House Prices and the Macroeconomy: Implications for Banking and Price Stability

House Prices and the Macroeconomy: Implications for Banking and Price Stability

House Prices and the Macroeconomy: Implications for Banking and Price Stability

House Prices and the Macroeconomy: Implications for Banking and Price Stability


House price bubbles, and their aftermath, have become a focus of macro-economic policy concern in most developed countries. This book elucidates the two-way relationship between house-price fluctuations and economic fundamentals. Housing has many features which make it distinct from otherassets, like equity. Real estate is not only an asset but also a durable consumption good for households, providing shelter and other housing services. As a result, a house is often the largest and most important asset of households and therefore accounts for a major share of household wealth.Similarly a large share of bank assets is tied to housing values. House price fluctuations may, therefore, have a major effect on economic activity and the soundness of the financial system. Following an introductory chapter, the book is structured into three parts. The first demonstrates the importance of house prices as determinants or indicators of inflation and economic activity. The second focuses on the inter-relationships between bank credit extension and housing prices, and howbubbles can lead to financial crises. The third discusses resultant public policy issues, such as whether, and how, to include housing prices in a general inflation index, and how to restrain the housing/bank credit cycle.


The macroeconomic implications of asset price fluctuations have received increasing attention in academic and policy circles recently, in large part due to the recent boom–bust bubbles in the equity and now in the housing markets. Most studies in this area have focused on financial asset prices, while the role of house prices has not been explored to the same extent. Over recent years we have tried to fill this gap by investigating the role of asset prices, especially house prices, for various aspects of the macroeconomy. In this book we bring together the outcome of this research.

In the first chapter, which serves as a general introduction to the topic of this book, we provide an overview of the various channels through which house prices may affect economic activity. We also present some stylized facts and discuss how institutional features of the housing and mortgage market can determine the strength of the effect of house prices on the economy.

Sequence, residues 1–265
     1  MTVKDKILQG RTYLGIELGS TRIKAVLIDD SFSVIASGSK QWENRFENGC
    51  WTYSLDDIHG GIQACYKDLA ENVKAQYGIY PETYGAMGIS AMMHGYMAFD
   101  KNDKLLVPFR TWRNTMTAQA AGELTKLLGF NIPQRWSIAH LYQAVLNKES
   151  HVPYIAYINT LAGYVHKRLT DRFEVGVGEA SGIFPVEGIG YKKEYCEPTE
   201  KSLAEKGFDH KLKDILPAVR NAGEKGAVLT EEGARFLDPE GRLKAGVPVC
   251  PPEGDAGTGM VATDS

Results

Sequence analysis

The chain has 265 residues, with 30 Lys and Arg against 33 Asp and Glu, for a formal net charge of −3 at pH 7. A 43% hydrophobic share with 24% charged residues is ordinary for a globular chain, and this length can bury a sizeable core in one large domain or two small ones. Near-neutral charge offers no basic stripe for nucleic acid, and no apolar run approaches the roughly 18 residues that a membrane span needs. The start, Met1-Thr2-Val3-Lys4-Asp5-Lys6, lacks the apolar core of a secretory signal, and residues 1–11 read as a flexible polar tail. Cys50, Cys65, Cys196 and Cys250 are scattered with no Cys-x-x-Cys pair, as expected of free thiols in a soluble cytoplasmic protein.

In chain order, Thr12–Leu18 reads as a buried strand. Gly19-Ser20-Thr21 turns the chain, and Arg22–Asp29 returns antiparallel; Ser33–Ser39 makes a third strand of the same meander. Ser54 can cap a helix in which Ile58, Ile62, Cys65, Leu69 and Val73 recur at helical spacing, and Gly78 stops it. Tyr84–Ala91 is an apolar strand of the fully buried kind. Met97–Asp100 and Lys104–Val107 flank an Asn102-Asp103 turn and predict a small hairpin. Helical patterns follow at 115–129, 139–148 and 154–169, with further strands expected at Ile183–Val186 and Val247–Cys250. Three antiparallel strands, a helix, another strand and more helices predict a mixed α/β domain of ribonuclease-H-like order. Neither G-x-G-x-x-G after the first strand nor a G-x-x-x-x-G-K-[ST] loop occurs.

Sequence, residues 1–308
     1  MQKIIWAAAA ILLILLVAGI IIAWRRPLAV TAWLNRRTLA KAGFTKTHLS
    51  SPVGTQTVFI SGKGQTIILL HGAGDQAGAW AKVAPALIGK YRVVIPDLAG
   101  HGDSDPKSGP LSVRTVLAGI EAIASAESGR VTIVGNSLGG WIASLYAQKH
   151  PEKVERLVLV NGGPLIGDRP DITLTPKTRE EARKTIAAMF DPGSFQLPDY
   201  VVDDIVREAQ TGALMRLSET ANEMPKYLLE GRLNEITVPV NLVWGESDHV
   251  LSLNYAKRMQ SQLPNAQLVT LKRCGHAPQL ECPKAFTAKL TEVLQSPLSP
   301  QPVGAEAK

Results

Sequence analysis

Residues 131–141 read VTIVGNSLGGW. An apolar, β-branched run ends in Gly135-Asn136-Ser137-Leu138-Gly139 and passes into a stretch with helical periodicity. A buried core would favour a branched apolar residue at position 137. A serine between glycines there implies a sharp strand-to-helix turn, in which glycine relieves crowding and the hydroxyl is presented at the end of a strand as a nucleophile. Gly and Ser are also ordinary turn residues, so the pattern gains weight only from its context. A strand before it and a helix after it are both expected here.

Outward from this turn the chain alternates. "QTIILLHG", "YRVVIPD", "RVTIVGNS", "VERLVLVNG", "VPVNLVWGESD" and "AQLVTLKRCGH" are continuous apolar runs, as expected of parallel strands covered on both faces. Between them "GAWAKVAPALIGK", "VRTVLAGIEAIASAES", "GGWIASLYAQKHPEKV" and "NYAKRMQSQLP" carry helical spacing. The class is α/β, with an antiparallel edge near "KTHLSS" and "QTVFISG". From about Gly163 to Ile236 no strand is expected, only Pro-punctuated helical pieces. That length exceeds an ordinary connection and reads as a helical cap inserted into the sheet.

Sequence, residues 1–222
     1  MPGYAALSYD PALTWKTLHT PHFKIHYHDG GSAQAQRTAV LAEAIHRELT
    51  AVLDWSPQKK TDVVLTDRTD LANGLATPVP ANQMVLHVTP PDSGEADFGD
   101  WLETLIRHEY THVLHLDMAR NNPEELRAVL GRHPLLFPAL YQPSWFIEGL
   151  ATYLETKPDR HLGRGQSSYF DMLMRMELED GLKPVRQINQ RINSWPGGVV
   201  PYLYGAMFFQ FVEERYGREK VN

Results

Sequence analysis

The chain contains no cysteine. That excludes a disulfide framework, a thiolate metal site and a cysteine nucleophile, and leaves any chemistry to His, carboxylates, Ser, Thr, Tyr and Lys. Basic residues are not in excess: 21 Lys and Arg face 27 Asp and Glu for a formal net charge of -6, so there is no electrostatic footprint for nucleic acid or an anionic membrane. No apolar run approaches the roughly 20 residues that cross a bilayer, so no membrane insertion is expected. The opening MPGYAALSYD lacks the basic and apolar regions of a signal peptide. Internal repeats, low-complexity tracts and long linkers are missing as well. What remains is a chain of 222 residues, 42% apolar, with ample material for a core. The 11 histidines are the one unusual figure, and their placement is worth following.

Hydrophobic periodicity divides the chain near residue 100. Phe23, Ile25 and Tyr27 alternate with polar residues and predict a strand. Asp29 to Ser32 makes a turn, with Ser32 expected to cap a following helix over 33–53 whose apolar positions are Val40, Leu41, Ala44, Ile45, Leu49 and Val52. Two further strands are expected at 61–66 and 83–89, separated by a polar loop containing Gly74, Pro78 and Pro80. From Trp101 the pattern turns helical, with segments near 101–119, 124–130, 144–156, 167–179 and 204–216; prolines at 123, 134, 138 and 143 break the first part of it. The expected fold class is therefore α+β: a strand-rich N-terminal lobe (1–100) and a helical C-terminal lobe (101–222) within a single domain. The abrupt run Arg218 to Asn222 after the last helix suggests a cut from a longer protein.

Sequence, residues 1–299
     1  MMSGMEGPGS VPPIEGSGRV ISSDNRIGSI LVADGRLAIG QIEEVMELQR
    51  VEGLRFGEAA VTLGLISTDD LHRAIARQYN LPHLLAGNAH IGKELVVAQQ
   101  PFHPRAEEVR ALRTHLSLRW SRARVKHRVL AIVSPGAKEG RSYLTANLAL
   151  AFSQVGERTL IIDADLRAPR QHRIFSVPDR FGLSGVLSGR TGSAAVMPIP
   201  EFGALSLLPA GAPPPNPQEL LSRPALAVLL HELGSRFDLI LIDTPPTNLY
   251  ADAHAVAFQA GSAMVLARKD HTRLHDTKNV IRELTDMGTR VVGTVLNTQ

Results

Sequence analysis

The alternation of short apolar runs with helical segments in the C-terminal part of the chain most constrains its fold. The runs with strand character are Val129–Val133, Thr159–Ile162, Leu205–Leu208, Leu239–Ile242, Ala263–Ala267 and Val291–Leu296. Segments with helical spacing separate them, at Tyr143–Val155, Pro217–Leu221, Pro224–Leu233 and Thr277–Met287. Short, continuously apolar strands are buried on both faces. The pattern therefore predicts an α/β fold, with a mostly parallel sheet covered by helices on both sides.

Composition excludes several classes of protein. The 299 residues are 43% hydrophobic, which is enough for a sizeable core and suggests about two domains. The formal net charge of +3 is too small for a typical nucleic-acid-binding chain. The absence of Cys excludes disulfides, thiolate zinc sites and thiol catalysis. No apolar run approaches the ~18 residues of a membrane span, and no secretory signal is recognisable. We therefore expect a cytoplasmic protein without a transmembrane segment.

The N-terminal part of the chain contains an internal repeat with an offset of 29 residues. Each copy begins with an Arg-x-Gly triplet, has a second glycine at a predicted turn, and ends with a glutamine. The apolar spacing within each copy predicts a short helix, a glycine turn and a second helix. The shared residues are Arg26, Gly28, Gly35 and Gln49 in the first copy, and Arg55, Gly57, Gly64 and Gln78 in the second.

The remainder of the book is structured into three parts. The first part, consisting of Chapters 2 to 5, investigates the role and usefulness of house prices as determinants or indicators for goods price inflation and economic activity. In Chapter 2, we assess the predictive power of asset prices—i.e. exchange rates, equity prices, house prices, and other standard indicators such as the output gap, interest rates and money growth—for future consumer price inflation in industrialized countries. The results suggest that house prices are in general useful predictors of future inflation. In Chapter 3, we derive, on the basis of reduced-form coefficient estimates and VAR impulse responses, Financial Conditions Indices (FCIs), weighted averages of the short-term real interest rate, the effective real exchange rate, real house and real share prices, for the G7 countries. We find that house and share prices get a substantial weight in such an index and that the derived Financial Conditions Indices contain useful information about future inflationary pressures. Chapter 4 assesses the role of house prices in simple empirical versions of the New Keynesian model for the US and the euro area. We find that the real interest rate does not have a significantly negative effect on the output gap in standard specifications of the model. On the basis of an extended specification of the IS curve, also including house prices,

Chapter 2 is a reprint of Goodhart and Hofmann (2000a).

Chapter 3 is based on Goodhart and Hofmann (2001).

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